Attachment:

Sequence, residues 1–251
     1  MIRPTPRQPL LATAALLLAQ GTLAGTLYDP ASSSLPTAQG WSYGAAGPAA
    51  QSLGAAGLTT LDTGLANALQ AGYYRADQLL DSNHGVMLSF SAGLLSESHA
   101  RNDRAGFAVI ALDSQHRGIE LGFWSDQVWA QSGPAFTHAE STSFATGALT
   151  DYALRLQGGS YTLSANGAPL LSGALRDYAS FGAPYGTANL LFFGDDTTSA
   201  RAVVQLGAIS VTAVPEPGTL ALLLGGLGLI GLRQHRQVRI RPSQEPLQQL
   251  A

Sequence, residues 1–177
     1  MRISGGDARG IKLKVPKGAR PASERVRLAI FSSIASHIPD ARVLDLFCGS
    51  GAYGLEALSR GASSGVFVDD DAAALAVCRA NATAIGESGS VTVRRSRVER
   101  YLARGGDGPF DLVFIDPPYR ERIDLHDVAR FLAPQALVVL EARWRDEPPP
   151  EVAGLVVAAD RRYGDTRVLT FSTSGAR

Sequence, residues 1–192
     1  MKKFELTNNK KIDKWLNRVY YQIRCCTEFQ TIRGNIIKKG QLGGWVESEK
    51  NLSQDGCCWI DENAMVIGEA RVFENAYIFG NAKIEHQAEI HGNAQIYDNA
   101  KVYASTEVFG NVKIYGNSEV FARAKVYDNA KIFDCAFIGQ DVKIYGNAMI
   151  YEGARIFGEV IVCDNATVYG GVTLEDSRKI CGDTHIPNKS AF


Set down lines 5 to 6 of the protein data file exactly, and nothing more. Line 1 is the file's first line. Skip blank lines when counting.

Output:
   151  DYALRLQGGS YTLSANGAPL LSGALRDYAS FGAPYGTANL LFFGDDTTSA
   201  RAVVQLGAIS VTAVPEPGTL ALLLGGLGLI GLRQHRQVRI RPSQEPLQQL